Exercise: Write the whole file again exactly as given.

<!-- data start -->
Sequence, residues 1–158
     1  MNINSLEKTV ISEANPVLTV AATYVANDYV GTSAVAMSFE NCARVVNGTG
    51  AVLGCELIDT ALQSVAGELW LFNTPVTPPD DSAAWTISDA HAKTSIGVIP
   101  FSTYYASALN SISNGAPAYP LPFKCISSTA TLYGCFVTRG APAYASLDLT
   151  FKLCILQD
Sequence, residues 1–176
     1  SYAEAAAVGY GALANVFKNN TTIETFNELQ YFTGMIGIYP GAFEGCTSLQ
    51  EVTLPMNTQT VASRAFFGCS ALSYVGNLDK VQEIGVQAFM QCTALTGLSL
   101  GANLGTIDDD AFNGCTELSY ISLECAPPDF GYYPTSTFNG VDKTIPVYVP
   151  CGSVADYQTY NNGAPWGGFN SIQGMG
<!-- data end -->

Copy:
Sequence, residues 1–158
     1  MNINSLEKTV ISEANPVLTV AATYVANDYV GTSAVAMSFE NCARVVNGTG
    51  AVLGCELIDT ALQSVAGELW LFNTPVTPPD DSAAWTISDA HAKTSIGVIP
   101  FSTYYASALN SISNGAPAYP LPFKCISSTA TLYGCFVTRG APAYASLDLT
   151  FKLCILQD
Sequence, residues 1–176
     1  SYAEAAAVGY GALANVFKNN TTIETFNELQ YFTGMIGIYP GAFEGCTSLQ
    51  EVTLPMNTQT VASRAFFGCS ALSYVGNLDK VQEIGVQAFM QCTALTGLSL
   101  GANLGTIDDD AFNGCTELSY ISLECAPPDF GYYPTSTFNG VDKTIPVYVP
   151  CGSVADYQTY NNGAPWGGFN SIQGMG